HDR Architecture, Inc.
Firm's role on the project: Planning, Programming, Architecture, Design, Interiors
To create a low-stress, positive healing environment for oncology patients and staff through the implementation of evidence-based design strategies in the design of a new cancer center.
Baylor Scott & White Health wanted to design a new outpatient center on the Hillcrest Baptist Medical Center campus. Located at the entrance of the medical center campus, the cancer center is an extension of the many services provided by the Hillcrest Baptist Medical Center Hospital. The public space of the cancer center is oriented toward the hospital, which is a familiar landmark in Waco.
To achieve this goal, the design team integrated the latest research findings and evidence-based design strategies into the design of the cancer center. Specifically, the team hypothesized: that patient satisfaction and caregiver efficiency, morale, and satisfaction would improve by incorporating access to nature, natural light, outdoor views, and respite spaces for privacy and reflection. Incorporating these elements while creating convenient and accessible spaces that met the project budget and programming requirements was challenging. The programming requirements included: radiation therapy, 20 semi-private infusion therapy bays, imaging, CT Scanner, two linear accelerator vaults set up for two Varian “Truebeam,” dosimetry space, team station, exam, consult and treatment rooms, lobby, conference room, staff area, and a chapel.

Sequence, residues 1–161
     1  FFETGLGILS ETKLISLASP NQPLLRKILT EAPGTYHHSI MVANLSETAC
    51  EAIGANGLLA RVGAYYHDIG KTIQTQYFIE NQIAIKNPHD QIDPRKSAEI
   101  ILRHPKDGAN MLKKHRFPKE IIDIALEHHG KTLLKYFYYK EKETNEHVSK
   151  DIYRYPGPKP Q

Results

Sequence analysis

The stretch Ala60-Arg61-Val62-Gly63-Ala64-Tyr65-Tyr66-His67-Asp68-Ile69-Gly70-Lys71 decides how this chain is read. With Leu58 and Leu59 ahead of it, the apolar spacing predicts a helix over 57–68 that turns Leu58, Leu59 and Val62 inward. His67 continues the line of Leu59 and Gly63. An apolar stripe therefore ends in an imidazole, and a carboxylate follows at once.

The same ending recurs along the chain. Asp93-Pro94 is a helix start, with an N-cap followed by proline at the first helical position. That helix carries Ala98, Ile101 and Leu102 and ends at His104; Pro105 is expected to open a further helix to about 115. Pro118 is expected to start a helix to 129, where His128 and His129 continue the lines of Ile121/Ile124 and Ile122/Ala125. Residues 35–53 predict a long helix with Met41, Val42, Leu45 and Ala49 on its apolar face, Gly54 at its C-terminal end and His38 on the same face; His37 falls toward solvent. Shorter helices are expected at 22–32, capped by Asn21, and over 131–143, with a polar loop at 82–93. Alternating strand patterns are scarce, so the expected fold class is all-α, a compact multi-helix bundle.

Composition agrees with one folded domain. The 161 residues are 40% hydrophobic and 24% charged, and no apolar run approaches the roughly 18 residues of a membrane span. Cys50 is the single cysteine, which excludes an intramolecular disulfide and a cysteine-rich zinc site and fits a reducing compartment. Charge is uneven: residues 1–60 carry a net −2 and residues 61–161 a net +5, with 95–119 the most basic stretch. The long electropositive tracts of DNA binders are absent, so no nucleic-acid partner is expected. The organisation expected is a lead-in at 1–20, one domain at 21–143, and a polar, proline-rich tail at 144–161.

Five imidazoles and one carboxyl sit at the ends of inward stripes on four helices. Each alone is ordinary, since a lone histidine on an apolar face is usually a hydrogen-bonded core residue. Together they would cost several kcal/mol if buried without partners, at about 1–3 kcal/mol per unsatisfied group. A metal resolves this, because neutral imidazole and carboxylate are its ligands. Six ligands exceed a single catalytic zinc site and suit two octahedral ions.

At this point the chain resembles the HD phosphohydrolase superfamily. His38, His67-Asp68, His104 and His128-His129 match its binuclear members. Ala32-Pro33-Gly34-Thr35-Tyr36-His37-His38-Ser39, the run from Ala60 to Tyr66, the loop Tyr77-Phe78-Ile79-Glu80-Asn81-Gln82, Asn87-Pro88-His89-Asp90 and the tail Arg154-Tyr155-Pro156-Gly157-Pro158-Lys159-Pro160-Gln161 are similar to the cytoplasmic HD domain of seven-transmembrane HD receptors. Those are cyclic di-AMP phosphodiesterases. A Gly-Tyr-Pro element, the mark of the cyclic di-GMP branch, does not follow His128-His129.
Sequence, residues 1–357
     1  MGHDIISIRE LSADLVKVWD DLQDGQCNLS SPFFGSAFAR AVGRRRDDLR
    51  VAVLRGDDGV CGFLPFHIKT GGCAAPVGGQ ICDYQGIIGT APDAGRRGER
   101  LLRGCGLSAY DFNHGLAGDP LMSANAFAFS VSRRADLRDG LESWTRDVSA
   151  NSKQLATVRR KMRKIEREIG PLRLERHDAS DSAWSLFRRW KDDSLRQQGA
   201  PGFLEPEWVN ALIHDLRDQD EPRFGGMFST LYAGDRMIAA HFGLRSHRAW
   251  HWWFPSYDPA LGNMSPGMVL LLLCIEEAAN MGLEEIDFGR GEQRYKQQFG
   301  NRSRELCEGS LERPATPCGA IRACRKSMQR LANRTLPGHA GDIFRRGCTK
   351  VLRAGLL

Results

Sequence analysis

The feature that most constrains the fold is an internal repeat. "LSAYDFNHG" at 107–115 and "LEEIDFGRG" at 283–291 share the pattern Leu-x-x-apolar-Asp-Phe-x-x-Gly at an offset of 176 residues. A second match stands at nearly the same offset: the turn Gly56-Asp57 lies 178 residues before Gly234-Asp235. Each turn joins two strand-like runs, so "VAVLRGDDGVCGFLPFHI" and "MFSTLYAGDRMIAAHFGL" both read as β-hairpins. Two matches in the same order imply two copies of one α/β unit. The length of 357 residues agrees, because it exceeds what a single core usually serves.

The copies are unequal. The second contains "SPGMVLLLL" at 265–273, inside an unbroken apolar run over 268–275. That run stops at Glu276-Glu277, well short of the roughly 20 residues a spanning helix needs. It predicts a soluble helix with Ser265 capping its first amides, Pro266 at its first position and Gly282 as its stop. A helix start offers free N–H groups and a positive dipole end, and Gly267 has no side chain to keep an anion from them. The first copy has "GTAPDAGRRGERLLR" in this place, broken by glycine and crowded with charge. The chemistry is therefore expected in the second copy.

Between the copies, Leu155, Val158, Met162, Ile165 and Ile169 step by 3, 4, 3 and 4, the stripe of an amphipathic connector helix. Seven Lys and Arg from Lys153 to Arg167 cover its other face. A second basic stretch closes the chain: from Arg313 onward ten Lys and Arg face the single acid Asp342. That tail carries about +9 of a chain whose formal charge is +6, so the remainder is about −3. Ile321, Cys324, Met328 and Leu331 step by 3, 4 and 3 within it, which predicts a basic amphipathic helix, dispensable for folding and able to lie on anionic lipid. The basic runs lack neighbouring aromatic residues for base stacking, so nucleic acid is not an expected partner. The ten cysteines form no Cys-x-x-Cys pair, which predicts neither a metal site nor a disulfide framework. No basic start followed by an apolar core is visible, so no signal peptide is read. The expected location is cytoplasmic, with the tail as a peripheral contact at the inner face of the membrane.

The entire center is designed to create a low-stress, positive experience for patients receiving this specialized care with convenient and accessible spaces. The central team area offers patients one single location to be assessed and receive necessary services e.g. blood draws, prior to treatment. This concept allows radiation and medical oncology staff to collaborate and work with patients and their family on treatment options. After patients are assessed they can head directly to either radiation or medical oncology. As an added benefit, patients that frequently receive treatment can bypass the standard patient flow and go directly to the changing area and the appropriate treatment area, after a quick stop at the main reception area.
Natural light, views, and access to nature were emphasized as key strategies to promote healing and increase user satisfaction. A private garden provides scenic views for patients receiving treatment in one of the 20 infusion bays, while also connecting the landscape to the existing campus grotto. The integrated facility also includes a dosimetry space, allowing specialists to pinpoint tumors and target treatment, and a dedicated pharmacy where specific cancer drugs are mixed and quickly transported to the treatment area. A non-denominational chapel provides a respite area for patients and families.
A post-occupancy evaluation is currently being conducted to gather feedback from occupants on their satisfaction with the building design and measure the effect of these and other design interventions.